Gore up middle. Gore up middle. And then …

The Mike Singletary day-after-game press conference today was another fascinating look into his mindset as he tries to figure out – quite openly – how to handle the media, the referees and other aspects of his job in his second full season.

But we’ve discussed Singletary a fair amount in the past week, so I’ll leave that for the newspaper.

As far as other issues …


Singletary praised offensive coordinator Jimmy Raye and defensive
coordinator Greg Manusky for their game plans. He said they created a
flow “that we wanted to have.” 

That seemed particularly true of Raye. For starters, the plays arrived
on time. The Niners had to take one delay-of-game penalty, but it was
because Vernon Davis evidently had a problem with his helmet and was
late to the huddle. Alex Smith’s wristband (and no doubt increased
emphasis on the issue in the past week) seemed to be a cure-all. Since
crowd noise contributed to the problems in Seattle, perhaps the Niners
will have to survive Kansas City before considering this problem
officially solved.

Of course, getting play calls delivered promptly is a rather low bar to
clear. And Raye’s primary duty – calling plays – has drawn a fair amount
of criticism.

I think I heard most of you pounding the keyboard in all caps after the
Niners first two drives netted 13 yards, no first downs and began,
naturally, with Frank Gore RUNS UP THE MIDDLE ON FIRST DOWN!!!

But just using first-down plays as an example, it’s obvious Raye began to mix it up after the Niners trailed 9-0.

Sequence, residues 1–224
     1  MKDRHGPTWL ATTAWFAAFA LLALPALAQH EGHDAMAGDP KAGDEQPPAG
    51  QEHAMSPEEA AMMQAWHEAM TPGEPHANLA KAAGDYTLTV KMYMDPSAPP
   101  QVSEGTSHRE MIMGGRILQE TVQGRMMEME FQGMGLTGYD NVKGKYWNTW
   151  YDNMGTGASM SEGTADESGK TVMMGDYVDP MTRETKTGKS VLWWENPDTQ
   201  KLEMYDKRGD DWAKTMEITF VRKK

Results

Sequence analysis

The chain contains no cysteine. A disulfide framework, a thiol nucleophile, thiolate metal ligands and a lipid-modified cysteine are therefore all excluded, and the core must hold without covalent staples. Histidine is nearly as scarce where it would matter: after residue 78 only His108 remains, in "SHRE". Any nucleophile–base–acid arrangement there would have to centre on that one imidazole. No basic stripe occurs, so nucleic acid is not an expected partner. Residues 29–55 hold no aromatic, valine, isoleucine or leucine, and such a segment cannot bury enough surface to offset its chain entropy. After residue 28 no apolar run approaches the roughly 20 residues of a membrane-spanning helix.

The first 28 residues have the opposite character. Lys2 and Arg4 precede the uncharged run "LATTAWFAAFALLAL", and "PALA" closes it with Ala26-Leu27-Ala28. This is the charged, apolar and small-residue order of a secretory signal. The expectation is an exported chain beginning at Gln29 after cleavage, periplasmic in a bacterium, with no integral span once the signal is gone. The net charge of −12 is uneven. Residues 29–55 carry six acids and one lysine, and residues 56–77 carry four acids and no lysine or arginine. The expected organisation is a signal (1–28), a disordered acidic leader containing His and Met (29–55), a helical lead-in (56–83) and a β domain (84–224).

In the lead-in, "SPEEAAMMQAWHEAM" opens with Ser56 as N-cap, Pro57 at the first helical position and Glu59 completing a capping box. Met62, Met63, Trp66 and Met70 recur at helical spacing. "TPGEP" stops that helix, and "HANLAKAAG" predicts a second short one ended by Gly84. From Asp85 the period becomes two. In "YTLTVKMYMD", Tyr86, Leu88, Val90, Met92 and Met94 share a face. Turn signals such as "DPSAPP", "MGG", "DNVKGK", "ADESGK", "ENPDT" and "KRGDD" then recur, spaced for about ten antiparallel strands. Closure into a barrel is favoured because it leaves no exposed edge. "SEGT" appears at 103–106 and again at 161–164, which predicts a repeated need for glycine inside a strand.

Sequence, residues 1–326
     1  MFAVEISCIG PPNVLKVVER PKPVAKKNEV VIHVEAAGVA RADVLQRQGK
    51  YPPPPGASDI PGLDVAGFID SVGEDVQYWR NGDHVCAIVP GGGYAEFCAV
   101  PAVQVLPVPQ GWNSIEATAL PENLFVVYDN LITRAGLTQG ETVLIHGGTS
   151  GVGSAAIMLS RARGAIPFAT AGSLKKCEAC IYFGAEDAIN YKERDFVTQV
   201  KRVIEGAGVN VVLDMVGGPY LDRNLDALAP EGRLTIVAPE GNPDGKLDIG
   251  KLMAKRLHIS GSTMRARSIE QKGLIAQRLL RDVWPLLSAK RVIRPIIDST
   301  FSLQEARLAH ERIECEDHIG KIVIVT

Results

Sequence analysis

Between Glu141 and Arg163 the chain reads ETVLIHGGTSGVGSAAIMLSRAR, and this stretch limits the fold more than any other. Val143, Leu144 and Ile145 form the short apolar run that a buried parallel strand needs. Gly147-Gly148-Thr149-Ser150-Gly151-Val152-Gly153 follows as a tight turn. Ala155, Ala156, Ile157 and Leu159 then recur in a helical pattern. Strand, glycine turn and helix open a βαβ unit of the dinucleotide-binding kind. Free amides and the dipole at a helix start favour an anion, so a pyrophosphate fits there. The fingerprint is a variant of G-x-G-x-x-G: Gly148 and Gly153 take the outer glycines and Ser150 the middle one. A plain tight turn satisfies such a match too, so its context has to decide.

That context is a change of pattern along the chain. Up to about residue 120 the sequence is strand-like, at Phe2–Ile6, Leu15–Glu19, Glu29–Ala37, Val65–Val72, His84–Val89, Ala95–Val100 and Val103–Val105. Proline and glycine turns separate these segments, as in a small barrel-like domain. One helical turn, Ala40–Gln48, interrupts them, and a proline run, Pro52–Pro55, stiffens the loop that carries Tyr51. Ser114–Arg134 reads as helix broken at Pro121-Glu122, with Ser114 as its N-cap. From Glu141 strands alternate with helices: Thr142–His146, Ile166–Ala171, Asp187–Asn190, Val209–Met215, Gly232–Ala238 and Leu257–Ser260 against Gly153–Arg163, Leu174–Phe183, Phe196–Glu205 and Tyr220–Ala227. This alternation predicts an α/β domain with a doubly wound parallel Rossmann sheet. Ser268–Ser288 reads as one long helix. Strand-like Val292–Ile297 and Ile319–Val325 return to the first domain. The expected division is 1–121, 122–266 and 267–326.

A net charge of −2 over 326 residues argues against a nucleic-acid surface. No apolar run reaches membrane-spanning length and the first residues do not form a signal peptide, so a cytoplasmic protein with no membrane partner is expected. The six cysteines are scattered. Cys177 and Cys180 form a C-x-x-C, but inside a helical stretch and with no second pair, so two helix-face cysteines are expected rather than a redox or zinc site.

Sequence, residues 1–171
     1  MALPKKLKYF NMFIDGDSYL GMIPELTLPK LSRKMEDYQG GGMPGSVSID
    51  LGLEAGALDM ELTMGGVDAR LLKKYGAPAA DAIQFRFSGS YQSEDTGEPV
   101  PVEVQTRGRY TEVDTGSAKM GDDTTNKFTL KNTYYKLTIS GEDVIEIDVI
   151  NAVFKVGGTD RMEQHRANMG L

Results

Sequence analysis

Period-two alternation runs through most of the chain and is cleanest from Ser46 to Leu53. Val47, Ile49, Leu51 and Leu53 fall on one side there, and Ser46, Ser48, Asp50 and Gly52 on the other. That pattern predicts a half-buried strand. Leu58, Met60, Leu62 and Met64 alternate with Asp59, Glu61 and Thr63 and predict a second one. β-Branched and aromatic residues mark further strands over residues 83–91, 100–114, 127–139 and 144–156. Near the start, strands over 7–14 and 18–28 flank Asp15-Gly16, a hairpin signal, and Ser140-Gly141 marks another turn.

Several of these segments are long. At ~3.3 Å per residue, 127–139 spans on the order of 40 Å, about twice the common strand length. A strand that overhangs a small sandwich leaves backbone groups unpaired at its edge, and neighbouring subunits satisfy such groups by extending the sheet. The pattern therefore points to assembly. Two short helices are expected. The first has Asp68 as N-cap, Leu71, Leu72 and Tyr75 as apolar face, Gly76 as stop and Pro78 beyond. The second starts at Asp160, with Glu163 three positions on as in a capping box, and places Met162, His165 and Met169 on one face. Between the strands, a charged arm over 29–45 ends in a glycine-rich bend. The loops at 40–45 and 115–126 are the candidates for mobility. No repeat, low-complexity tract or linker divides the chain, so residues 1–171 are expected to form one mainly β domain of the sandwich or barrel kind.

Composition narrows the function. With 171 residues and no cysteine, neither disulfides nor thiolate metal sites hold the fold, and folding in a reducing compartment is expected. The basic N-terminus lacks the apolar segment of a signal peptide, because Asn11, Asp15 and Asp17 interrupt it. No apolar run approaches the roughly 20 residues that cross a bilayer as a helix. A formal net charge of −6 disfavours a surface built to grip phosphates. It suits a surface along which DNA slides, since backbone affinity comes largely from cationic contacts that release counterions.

Some first-down stats:

• The Niners had 31 first-down plays — 12 runs by Gore, 16 passes by
Smith and three scrambles by Smith. So call it 19 passes and 12 runs on
first down. They averaged 6.5 yards on first-down plays.
• The first-down statistical breakdown: Rushing, Gore 12-71, Smith 3-28. Passing, Smith 10-16-2-101.
• Raye stuck almost exclusively with the short-passing game on first
downs until the final two-minute drive. On the Niners’ first nine
drives, Smith was 7 of 12 for 68 yards. His only completion over seven
yards was his 41-yarder to Davis.
• Surely just an oddity, but … the three offensive turnovers – Smith’s
two interceptions and Delanie Walker’s fumble – were on first-down
plays.

In other news …

• Singletary wasn’t clear on the status of C Eric Heitmann (broken
fibula) once he returns. (Heitmann went down Aug. 6 and the timetable
for his return was six to eight weeks). Center David Baas, a natural
guard, made his first NFL start at center in the season opener. His
second start at the position began ominously with the airmailed shotgun
snap, which led to a safety. But Baas has adjusted nicely to his new
spot. “He’s taken ownership of that position and done well,” Singletary
said.

Of Heitmann, a nine-year veteran who has been named the team’s top
lineman on three occasions, Singletary said, “We’ll have to sit down and
evaluate and talk about chemistry.”

• Singletary said RG Chilo Rachal would retain his starting spot when he
returns from a shoulder stinger. Adam Snyder started in Rachal’s
absence against the Saints and was part of a line that didn’t allow a
sack – a feat the 49ers managed once in 2009. Singletary said of the
front five, “I was really proud of the O-line. That was the best I’ve
seen them play since I’ve been here.”

• The wind was howling at Candlestick, but would the Niners really have
rookie Phillip Adams return punts in Kansas City? Adams muffed a
fourth-quarter punt and nearly had another tick off his hands. He did
have a 16-yard return that he nearly broke – a tantalizing bit of burst
for a team without a return over 18 yards last year. The status of Ted
Ginn (sprained MCL) and Kyle Williams (toe) is uncertain for Sunday. Singletary said he will
“evaluate” the situation. He has mentioned Dominique Zeigler as a
candidate to return punts.

• For those scratching their heads, wondering if they’ve ever seen Alex
Smith look like that … Singletary said he never has, “I thought Alex
played his best game since he’s been here,” he said.

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